Health research ethics review and needs of institutional ethics committees in Tanzania|
Ikingura, J.K.B.; Kruger, M. & Zeleke, W.
This study was undertaken to describe the performance of health research ethics review procedures of six research centres in Tanzania. Data collection was done through a self-administered questionnaire and personal interviews. The results showed that there were on average 11 members (range= 8-14) in each Research Ethic Committee. However, female representation in the committees was low (15.2%). The largest proportion of the committee members was biomedical scientists (51.5%). Others included medical doctors (19.7%), social scientists (7.6%), laboratory technologists (10.6%), religious leaders (4.5%), statisticians (3.0%), teachers (1.5%) and lawyers (1.5). Committee members had different capacities to carry out review of research proposals (no capacity=2%; limited capacity=15%; moderate capacity=20%; good capacity=48%, excellent capacity=13%). Only half of the respondents had prior ethics review training. Although the majority deemed that ethical guidelines were very important (66%), there were challenges in the use of ethical guidelines which included lack of awareness on the national accreditation mechanisms for ethics committee (59%). Adherence to ethical principles and regulations was influenced by being a scientist (OR= 42.47), being an employee of a professional organization (OR= 15.25), and having an interests in the use of ethical guidelines (OR= 10.85) These findings indicate the need for capacity strengthening (through training and resource support), inclusion of more female representation and other mandatory professions to the research ethics committees.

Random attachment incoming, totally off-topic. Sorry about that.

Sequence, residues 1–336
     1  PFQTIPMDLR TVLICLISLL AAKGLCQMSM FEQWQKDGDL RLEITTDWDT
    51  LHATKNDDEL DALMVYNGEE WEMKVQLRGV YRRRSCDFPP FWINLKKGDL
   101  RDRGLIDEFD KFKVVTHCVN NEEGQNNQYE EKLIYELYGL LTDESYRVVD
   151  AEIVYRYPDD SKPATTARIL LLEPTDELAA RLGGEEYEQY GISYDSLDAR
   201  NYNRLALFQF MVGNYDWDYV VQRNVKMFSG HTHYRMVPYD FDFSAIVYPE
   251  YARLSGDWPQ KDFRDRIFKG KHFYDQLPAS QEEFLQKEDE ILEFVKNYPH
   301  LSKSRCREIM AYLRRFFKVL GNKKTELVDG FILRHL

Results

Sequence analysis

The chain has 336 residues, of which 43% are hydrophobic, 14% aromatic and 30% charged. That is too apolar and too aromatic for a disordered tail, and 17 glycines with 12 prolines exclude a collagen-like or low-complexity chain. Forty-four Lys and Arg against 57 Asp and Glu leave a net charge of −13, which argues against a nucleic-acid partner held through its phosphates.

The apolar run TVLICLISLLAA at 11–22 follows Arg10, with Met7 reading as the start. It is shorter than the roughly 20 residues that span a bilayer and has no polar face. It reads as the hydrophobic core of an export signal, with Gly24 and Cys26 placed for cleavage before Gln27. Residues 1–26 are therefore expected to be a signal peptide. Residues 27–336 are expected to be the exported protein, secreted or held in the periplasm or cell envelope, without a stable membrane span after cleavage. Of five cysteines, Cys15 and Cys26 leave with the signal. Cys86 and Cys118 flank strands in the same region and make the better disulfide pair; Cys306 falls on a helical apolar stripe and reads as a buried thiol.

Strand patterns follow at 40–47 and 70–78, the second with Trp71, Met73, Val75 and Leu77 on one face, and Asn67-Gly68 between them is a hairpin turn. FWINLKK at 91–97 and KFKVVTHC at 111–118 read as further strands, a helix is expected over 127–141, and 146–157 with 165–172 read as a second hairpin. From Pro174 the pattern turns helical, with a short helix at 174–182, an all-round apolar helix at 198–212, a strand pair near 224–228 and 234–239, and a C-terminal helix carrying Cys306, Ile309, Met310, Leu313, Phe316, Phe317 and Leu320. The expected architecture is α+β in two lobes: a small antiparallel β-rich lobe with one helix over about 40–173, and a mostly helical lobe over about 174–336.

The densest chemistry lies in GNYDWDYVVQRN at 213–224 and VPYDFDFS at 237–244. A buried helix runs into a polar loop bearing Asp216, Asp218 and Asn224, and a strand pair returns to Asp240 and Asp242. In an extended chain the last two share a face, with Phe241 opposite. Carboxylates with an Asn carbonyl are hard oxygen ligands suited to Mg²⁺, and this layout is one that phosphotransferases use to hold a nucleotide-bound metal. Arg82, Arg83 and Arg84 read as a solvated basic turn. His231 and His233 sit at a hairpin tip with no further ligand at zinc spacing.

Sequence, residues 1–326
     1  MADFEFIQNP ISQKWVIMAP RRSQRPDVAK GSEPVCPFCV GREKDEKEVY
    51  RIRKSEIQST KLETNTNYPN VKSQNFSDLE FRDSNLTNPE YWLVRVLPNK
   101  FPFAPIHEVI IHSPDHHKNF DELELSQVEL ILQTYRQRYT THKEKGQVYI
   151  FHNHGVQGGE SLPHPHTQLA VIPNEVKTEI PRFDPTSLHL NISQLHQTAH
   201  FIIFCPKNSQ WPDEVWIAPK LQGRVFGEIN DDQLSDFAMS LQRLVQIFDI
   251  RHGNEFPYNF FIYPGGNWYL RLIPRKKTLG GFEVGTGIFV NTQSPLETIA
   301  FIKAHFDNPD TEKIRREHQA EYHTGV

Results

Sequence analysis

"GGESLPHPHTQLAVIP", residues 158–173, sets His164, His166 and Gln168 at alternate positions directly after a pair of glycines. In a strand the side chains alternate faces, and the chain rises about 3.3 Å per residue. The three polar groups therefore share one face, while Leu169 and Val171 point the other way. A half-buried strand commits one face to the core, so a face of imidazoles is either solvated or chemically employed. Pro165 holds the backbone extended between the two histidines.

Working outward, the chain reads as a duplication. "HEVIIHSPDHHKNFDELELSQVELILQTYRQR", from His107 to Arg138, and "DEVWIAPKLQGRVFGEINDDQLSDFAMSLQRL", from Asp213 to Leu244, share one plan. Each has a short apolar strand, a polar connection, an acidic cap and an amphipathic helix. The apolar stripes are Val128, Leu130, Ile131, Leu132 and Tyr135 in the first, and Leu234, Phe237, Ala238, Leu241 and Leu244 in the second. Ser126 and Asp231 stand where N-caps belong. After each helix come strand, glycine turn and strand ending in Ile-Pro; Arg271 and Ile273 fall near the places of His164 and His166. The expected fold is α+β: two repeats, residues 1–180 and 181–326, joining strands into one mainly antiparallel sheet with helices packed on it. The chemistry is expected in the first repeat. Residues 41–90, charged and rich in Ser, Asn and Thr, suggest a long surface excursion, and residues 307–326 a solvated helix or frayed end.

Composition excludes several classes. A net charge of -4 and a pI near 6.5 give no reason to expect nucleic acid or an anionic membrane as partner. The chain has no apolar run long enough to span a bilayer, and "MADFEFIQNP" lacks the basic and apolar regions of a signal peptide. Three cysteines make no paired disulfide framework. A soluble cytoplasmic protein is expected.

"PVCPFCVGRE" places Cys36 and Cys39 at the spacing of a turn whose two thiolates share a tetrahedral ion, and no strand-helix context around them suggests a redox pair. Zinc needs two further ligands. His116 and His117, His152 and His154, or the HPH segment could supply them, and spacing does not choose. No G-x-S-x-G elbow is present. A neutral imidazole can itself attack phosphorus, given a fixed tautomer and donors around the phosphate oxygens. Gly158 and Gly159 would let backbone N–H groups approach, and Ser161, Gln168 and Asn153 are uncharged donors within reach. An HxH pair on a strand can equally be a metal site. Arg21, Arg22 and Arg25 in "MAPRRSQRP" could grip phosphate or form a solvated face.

health research, ethics, review, committee, Tanzania